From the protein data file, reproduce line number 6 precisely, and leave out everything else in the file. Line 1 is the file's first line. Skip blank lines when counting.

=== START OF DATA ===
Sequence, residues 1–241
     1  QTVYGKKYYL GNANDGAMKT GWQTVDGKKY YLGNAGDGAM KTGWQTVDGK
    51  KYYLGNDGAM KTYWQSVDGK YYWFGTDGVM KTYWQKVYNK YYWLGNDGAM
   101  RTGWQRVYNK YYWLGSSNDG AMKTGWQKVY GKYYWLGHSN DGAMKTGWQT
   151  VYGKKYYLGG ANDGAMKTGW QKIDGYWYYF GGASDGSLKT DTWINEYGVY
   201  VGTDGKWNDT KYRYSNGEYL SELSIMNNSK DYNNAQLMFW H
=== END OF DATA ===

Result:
   201  VGTDGKWNDT KYRYSNGEYL SELSIMNNSK DYNNAQLMFW H